"That must have been a lot of netting," I said.

"Oh yeah it went on for several miles," he replied.

This must have been 1982 or thereabouts when I heard this tale, no internet to go look up the veracity of the many tales he told. Besides I wasn't at all interested in proving him right or wrong. So imagine my surprise when I got these photos from a friend a few days ago, showing the vast camouflage netting the military put up in Long Beach to cover the Boeing plant. The shot above is the before photo, this next one is the after.

Here are a few more shots.

Underneath the netting

Treetop level

Hangar below

In one of the articles I read I found this line: "you could head south down Carson St. and drive right under the huge canopy." It was that same Carson St. forty years later that Charles and I were driving on the day when he told me the camouflage story.

Addendum: I am told that there was a similar camouflage set-up in Pasadena at the Lockheed plant and that some of these pictures might be from there. But who cares about a little mix-up in a good Charles story.

Monday, September 26, 2011

A Webcomic

When I got the third recommendation for xkcd website ("a Webcomic of Romance, Sarcasm, Math and Language") I thought I should take a look. About every other offering is way too techie for most normal humanoids, but they do come out with some real gems, like the Green Sci-Fi cum Literati panels above.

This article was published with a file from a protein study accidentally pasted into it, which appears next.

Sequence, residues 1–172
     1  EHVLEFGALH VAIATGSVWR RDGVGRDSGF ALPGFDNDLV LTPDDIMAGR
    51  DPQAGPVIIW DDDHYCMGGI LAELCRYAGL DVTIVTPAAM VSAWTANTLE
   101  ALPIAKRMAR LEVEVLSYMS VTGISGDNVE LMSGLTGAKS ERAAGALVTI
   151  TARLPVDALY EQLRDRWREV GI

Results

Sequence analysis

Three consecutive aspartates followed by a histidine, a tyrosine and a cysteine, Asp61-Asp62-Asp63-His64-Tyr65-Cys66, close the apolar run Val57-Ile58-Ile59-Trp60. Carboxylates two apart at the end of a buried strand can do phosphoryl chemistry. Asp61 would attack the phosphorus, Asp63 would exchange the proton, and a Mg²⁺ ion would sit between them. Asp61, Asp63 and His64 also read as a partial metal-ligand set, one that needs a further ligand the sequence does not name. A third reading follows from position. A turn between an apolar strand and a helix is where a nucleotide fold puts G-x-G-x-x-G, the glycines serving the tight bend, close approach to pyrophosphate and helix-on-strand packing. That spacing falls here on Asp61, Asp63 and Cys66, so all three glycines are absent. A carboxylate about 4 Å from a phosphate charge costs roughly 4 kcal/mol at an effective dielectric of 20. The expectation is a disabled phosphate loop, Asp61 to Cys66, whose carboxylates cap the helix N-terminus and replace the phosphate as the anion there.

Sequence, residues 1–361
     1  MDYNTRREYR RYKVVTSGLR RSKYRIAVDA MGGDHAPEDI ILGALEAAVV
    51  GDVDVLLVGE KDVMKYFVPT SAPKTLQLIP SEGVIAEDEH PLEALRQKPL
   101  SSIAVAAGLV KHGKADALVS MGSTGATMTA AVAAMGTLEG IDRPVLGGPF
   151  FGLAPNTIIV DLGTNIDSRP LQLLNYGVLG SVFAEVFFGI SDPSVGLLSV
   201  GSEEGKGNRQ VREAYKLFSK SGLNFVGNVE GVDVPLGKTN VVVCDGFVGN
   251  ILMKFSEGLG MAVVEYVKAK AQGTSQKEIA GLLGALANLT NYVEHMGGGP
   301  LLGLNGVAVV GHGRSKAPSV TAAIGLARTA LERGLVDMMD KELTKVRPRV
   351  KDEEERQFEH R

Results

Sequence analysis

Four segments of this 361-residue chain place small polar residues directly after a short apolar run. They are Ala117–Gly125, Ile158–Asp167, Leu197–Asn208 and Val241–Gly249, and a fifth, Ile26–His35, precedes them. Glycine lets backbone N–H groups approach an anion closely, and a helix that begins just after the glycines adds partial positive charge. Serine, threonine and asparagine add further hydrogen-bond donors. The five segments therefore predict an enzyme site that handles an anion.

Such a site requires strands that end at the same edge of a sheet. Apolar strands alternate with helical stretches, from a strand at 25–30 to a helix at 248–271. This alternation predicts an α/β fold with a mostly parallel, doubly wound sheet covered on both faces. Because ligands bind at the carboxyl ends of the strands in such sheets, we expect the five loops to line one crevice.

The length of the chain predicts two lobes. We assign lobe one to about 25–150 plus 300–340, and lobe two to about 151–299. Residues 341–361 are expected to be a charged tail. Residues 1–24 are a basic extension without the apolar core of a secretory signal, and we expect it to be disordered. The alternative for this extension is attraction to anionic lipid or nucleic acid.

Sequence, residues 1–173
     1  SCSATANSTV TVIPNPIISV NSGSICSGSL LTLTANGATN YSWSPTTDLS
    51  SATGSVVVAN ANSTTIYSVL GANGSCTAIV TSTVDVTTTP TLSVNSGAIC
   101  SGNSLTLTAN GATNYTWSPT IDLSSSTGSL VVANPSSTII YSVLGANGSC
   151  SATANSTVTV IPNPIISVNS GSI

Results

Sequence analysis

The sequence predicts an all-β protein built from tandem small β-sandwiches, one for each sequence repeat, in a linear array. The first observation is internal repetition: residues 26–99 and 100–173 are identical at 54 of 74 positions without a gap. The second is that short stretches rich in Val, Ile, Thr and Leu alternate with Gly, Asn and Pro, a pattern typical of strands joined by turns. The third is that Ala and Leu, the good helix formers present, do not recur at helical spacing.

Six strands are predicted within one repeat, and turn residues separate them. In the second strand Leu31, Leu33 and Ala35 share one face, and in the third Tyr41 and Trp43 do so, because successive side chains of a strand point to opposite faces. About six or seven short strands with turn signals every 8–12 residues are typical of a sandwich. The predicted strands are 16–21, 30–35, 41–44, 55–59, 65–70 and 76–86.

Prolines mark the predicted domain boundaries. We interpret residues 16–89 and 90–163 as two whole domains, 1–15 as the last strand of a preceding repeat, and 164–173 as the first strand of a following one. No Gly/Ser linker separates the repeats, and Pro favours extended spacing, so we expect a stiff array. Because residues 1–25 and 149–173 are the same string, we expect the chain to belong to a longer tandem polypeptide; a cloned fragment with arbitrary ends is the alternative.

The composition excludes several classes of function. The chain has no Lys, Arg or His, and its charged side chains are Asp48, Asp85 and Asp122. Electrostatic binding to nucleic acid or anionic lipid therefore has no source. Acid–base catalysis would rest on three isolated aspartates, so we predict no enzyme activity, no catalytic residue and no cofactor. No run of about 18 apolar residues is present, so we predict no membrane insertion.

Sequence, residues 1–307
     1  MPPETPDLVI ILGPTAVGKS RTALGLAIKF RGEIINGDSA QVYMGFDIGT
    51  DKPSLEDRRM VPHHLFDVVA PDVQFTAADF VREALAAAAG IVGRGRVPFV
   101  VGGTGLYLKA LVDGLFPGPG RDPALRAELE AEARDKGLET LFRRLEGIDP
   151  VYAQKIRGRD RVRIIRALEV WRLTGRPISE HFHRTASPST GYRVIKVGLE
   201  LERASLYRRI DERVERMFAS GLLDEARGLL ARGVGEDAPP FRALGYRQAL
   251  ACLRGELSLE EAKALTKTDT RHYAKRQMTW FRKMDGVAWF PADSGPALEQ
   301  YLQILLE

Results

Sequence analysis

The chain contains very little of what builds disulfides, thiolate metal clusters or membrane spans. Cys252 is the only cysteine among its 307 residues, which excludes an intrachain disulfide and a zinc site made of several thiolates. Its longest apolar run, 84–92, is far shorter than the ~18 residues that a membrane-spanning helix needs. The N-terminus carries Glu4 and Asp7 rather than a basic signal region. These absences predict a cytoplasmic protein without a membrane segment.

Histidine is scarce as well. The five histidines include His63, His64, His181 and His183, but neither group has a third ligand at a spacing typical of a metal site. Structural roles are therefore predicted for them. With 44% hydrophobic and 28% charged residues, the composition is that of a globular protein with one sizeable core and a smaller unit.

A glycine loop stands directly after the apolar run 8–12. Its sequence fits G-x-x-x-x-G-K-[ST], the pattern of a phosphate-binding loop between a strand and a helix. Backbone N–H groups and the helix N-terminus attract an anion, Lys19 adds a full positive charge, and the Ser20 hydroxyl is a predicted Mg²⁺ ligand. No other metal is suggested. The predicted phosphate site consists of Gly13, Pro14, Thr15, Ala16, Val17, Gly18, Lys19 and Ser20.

Sunday, September 25, 2011

Travels Plans Delayed

Today was to have been my jump-off day for the midwestern part of my fall road trip. However, once again my aching back has dictated a change of plans. I am back in Berkeley awaiting the results of x-rays and other tests. Then I expect we shall move on to an MRI and possibly a consultation with the USF spinal clinic.

I still hope to make some or all of my planned stops in the midwest this fall but I will be starting several weeks later than originally planned. Updates to those with spare bedrooms and awaiting dining rooms soon. To all my other readers - the blog goes on.

Thursday, September 22, 2011

Medical Marijuana (7): Dosage

As I explained last week, I have as yet been unable to balance the palliative benefits of pain reduction with the side effects of being high, baked, wasted, buzzed, ripped, faded and/or stoned. You see, as with most prescription drugs, "effects may vary." The problem is dosage. We humans are not the same, we react differently based on age, weight, metabolism, contents of stomach, amount of sleep you got last night, stress, the phase of the moon.